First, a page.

Ratings agencies to consider social cohesion?
"In recent months, some of the brightest minds at Moody’s rating agency have been mulling a fascinating question: should they introduce a formal rating of “social cohesion” into sovereign debt indices, when they judge whether a government is likely to default on its debt – or not?"
Tett worked as a reporter in Japan for a while, and learned how Japanese institutions shared out pain without triggering social unrest.
"Whenever companies ran out of cash, for example, their instinct was usually to spread the impact (by, say, cutting everyone’s salary) rather than pick winners and losers (sack a few staff.)"
In the United States, by contrast, the mentality is very different:
"Instead, in a land built by pioneers, Americans prefer to spend time thinking about how to make the pie bigger – or to find fresh frontiers – than about making shared sacrifices. Thus it remains an open question whether Washington will be able to slash without real political or social upheaval."
Taxation is, of course, the central economic nexus in the contract between rulers - the people's representatives (or at least they are supposed to be) - and the people themselves. The mainstream anti-tax, anti-government strains that have developed in the United States (see here for an interesting part of that history) are a central part of that. It's a bit of a stretch to imagine it right now, but perhaps some time in future someone might stand up and point to the Grover Norquists of the world ("My goal is to cut government in half in twenty-five years to get it down to the size where we can drown it in the bathtub") and blame them for damaging America's bond ratings.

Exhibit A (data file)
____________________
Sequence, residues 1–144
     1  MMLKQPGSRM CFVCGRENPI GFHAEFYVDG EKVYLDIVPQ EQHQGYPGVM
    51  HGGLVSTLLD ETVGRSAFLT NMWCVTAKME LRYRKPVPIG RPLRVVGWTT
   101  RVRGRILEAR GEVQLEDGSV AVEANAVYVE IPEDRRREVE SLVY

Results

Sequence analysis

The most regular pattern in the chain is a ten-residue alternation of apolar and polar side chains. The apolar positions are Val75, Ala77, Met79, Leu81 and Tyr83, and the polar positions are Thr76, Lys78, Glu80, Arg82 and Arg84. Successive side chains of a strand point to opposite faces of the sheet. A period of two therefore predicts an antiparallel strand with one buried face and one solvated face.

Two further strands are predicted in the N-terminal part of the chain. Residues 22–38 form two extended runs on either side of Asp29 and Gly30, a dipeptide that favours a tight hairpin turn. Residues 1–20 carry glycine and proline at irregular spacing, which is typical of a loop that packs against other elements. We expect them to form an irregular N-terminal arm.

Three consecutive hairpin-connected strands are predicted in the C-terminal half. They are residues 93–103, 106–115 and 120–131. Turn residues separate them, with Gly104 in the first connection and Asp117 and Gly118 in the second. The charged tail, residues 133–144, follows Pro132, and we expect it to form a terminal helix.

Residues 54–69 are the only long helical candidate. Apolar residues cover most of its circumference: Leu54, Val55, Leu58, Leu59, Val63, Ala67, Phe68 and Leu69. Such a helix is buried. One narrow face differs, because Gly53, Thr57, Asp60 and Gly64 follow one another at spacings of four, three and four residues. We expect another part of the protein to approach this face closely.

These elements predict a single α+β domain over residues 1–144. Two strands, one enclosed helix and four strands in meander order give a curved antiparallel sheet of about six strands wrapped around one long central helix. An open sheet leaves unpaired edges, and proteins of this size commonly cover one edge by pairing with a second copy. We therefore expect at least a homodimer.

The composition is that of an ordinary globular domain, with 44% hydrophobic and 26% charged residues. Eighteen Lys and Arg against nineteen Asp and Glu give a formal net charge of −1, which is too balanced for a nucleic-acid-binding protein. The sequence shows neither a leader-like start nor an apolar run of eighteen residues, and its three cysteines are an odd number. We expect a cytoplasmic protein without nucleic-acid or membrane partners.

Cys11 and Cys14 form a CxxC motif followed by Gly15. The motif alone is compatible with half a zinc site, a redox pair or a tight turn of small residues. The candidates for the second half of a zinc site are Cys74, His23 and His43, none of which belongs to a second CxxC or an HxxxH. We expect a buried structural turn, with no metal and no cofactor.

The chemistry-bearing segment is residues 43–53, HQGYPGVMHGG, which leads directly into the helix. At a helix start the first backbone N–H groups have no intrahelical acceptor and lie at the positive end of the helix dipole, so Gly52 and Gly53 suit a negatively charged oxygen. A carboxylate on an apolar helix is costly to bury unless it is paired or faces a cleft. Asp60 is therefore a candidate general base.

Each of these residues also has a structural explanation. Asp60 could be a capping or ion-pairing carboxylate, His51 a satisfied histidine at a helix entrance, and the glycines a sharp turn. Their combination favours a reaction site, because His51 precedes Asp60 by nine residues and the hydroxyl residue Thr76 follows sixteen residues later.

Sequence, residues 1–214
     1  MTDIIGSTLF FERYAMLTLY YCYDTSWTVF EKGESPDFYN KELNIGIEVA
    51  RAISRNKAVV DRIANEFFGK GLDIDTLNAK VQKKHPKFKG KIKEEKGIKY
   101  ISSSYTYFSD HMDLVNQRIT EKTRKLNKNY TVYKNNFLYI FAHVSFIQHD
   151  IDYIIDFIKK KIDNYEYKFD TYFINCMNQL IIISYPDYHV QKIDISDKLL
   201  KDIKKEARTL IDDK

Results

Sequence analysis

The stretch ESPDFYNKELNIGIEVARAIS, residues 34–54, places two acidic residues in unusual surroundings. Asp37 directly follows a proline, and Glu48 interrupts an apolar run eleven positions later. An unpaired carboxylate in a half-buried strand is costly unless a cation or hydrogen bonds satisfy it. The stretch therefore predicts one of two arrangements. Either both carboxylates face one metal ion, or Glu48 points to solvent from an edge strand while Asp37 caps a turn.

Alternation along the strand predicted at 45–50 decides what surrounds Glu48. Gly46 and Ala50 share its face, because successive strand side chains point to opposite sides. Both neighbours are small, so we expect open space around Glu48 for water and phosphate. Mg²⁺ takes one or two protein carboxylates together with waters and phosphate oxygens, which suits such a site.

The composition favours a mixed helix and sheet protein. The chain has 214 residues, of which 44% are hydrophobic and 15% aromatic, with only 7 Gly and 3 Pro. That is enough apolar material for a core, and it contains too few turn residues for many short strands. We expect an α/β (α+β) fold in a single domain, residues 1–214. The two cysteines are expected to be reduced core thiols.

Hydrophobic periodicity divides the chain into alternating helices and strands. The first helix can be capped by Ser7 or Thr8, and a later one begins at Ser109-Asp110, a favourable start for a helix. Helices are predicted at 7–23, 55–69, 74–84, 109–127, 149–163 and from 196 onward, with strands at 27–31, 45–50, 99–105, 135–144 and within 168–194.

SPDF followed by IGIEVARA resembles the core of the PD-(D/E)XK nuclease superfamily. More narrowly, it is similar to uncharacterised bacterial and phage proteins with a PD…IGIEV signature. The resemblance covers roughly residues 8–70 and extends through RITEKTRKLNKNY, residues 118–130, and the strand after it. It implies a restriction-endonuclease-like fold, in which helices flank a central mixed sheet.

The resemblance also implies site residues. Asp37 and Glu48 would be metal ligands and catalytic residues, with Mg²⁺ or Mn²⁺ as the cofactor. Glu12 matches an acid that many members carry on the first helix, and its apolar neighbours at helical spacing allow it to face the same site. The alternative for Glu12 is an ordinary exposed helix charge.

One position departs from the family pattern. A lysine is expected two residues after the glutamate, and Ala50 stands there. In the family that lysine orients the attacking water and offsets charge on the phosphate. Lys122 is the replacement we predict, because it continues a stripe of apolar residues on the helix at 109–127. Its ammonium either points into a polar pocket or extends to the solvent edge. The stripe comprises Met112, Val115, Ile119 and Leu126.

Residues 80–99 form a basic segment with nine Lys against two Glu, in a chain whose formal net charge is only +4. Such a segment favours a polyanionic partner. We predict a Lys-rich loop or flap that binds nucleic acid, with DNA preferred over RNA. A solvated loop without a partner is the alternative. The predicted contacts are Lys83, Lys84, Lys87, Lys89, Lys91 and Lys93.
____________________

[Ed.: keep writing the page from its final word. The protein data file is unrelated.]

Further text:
Who knows: they might also blame those clever folk behind Public Choice Theory (which seeks to analyse public officials not as servants of the public interest, but as self-interested individuals.) Margaret Thatcher famously (and shockingly) said: "There's no such thing as society. There are individual men and women and there are families."
Public Choice Theory is a perfectly legitimate subject for analysis, but it's been taken up and wielded in extreme forms by many anti-taxers to reject the notion of society and the common good. Take a look at this encyclopaedia definition of Public Choice Theory, which includes:
"Public choice rejects the construction of organic decision-making units, such as “the people,” “the community,” or “society.” Groups do not make choices; only individuals do."
The bond markets, it seems, may beg to differ. Fascinating times.